[WARNING: some of the video clips in this list contain extremely violent or disturbing scenes.] For nearly the entire history of film production, certain films have been banned by film censorship or review organizations for political or moral reasons. Typically, a banned film goes through editing to remove explicit scenes, and is then re-released. The following entries include films that have, at some point, been disallowed for public viewing. I have ranked entries based on a combination of the nature of the ban and the critical reception and overall popularity of the film.
Grotesque is a 2009 Japanese splatter horror. The story follows the lives of a young couple who are snatched off the streets whilst on their first date, and are subjected to horrific torture by their insane kidnapper. Because of extremely disturbing footage, including eye gouging and amputation scenes, Grotesque is banned in many countries, including the UK. The film has been criticized for involving little narrative or character development, unlike successful splatter horrors such as Hostel or Saw. As a result the film received generally poor reviews from most critics, and was a commercial failure.
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Upon release in 1992, Mikey was banned in many countries and is still banned today in the UK. Many graphic scenes of torture and murder contributed to the ban, as well as the James Bulger murder of 1993, when two young children tortured and murdered a toddler. The film narrates the life of Mikey Holt; a sociopathic nine year old who horrifically murders his foster parents and friends. Many of his carers seem to die in “accidents”, causing Mikey to move from family to family. The plot of the film mostly covers Mikey’s attempts to avoid suspicion, by killing people who he suspects to know about his murderous tendencies.
The Human Centipede 2
If you have ever seen or heard of the first human centipede movie, you shouldn’t be surprised that it barely avoided being banned in many countries. The central plot line involves a mad Dutch scientist who kidnaps a trio of American tourists and surgically stitches them together, mouth to anus. The movie has been heavily criticized for showing no attempt to portray any of the victims in the film as anything other than objects to be brutalized, degraded and mutilated for the amusement and arousal of the central character, as well as for the pleasure of the audience.
The sequel is due to be released in October, 2011, but has been denied a classification for distribution in the United Kingdom. Director Tom Six has stated that “the sequel contains much more blood and faces than the original”, and also that “[the movie] makes the first film look like My Little Pony in comparison”. The new film also contains a larger centipede involving twelve people and involves graphic rape and masturbation scenes. The trailer above is for the original Human Centipede.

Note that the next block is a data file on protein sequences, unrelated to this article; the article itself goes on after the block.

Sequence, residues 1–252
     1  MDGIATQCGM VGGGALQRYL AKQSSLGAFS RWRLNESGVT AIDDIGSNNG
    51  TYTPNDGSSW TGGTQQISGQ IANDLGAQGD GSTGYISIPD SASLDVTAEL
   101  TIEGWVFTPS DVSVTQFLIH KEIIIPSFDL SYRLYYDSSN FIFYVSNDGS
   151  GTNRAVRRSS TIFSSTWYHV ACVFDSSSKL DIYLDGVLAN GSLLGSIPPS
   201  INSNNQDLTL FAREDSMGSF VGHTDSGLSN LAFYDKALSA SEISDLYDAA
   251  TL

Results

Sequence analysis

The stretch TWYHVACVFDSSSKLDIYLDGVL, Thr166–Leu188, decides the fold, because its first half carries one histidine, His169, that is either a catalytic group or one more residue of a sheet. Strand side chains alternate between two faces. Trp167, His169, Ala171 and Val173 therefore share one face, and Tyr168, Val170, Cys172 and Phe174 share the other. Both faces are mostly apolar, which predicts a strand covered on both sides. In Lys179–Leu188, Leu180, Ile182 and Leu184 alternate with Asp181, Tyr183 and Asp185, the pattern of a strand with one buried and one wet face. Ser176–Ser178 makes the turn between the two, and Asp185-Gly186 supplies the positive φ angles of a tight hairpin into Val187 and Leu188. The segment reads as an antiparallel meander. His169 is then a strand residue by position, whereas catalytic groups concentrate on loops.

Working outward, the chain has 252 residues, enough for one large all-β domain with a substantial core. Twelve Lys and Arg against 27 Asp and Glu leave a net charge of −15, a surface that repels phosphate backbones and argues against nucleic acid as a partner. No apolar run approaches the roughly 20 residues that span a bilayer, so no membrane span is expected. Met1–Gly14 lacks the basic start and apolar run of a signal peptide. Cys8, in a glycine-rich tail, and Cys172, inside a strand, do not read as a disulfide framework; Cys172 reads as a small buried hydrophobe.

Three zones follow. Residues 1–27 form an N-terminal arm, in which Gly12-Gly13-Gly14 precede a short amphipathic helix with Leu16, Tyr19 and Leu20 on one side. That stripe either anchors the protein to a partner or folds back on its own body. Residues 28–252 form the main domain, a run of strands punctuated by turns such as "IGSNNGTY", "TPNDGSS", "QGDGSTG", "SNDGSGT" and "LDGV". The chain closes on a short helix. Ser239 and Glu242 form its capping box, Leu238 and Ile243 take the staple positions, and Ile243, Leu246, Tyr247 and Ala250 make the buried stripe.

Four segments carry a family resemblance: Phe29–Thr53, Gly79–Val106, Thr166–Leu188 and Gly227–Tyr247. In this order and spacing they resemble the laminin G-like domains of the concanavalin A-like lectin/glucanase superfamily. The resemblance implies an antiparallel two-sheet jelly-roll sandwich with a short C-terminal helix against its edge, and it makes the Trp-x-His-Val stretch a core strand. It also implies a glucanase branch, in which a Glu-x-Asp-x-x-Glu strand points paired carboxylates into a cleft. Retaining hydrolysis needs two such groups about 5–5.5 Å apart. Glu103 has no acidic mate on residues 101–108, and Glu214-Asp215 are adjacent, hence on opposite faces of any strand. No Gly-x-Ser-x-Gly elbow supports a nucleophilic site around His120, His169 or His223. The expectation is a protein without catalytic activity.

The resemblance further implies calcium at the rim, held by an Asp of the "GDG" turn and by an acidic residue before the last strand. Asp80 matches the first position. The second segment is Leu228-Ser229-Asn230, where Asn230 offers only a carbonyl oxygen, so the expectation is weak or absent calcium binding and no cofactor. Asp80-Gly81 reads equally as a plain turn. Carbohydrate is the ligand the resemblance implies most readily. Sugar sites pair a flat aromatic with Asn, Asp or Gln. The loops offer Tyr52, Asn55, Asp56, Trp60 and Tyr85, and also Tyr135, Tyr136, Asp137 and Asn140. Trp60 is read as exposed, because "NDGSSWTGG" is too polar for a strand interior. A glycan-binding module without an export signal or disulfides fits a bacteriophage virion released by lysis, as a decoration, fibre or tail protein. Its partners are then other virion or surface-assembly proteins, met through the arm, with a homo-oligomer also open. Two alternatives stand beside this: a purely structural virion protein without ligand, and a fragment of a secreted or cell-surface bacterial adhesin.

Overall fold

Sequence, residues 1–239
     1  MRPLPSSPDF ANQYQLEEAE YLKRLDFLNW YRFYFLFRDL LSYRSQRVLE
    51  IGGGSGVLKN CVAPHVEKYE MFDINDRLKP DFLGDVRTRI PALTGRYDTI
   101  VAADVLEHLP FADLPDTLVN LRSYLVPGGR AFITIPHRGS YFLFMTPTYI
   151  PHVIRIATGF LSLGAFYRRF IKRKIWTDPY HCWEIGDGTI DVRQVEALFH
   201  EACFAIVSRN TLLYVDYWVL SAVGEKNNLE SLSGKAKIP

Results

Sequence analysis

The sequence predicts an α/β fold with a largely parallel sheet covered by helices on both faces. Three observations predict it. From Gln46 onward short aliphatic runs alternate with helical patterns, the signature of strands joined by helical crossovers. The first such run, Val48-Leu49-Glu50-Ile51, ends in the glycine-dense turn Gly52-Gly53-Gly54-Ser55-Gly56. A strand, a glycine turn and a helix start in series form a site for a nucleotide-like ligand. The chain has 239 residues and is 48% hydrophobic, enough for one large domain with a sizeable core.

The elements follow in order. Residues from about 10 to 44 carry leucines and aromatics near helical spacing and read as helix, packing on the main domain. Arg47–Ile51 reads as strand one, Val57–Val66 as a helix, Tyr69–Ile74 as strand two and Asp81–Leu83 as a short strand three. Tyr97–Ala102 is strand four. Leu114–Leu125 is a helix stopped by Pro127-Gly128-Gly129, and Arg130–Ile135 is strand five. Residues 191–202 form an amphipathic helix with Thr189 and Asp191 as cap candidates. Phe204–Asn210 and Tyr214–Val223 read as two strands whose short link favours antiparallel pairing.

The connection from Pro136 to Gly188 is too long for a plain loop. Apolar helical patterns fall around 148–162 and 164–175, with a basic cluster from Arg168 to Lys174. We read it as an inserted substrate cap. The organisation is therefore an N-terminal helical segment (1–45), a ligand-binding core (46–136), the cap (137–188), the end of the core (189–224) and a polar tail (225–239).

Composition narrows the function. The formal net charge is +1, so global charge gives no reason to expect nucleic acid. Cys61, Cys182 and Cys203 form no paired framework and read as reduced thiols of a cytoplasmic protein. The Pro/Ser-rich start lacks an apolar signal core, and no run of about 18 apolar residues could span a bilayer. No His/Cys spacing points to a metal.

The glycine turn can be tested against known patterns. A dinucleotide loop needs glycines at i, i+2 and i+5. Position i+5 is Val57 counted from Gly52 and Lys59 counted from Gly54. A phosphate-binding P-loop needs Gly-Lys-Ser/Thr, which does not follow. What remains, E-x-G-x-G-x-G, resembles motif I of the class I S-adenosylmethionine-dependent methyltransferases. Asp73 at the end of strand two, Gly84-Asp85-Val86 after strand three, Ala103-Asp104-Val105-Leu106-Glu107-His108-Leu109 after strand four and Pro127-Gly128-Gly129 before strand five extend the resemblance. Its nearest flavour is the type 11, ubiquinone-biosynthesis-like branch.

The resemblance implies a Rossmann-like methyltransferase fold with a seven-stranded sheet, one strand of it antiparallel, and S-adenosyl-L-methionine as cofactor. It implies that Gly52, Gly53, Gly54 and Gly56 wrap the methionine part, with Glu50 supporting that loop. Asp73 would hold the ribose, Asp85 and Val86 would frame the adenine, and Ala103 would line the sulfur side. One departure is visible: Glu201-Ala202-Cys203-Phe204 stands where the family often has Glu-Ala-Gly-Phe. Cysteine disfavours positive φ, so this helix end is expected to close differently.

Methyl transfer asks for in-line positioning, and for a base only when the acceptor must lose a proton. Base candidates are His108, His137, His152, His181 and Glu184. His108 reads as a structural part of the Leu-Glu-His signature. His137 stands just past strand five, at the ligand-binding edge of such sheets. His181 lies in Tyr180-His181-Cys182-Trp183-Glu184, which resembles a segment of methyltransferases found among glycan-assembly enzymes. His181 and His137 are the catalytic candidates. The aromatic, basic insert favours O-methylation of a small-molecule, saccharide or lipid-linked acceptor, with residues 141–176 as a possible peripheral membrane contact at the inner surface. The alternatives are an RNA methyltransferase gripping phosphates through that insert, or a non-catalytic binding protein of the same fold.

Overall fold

Scum is the hard and shocking story of life in a British Borstal for young offenders during the 1970s. The film was originally banned completely from television because of its graphic depictions of racism, gang rape, suicide and violence. It was, however, remade entirely in 1979, with the newer version starring a young Ray Winstone in his breakthrough role, as Carlin. The remade version was also banned, though eventually a court case concluded that Scum should remain distributable in the UK. The newer version of Scum received good reviews from critics, and was praised for its accurate depiction of a brutal borstal regime.
The actual regime in borstals at the time involved little or no rehabilitation, with many boys being savagely beaten by wardens much older than themselves. The inmates survived by adopting a dog-eat-dog mentality, and the film brilliantly portrays this through Winstone’s character, as he rises to the top of the pecking order and becomes the “Daddy”. The scene above shows Carlin as he asserts his authority and takes over leadership of the borstal.
A Serbian Film
Banned in Spain, Norway and Brazil, A Serbian Film is arguably one of the most controversial films of all time. Contributing factors of the ban were scenes of child rape, incest and murder, among others. A Serbian Film received mixed reviews from critics; some of which condemned the film for it’s extreme sexual violence. The plot revolves around an aging porn star, who agrees to participate in one last film in order to make a clean break from the business, only to discover that he has been drafted into making a pedophilia themed snuff film, from which there is no escape.
Natural Born Killers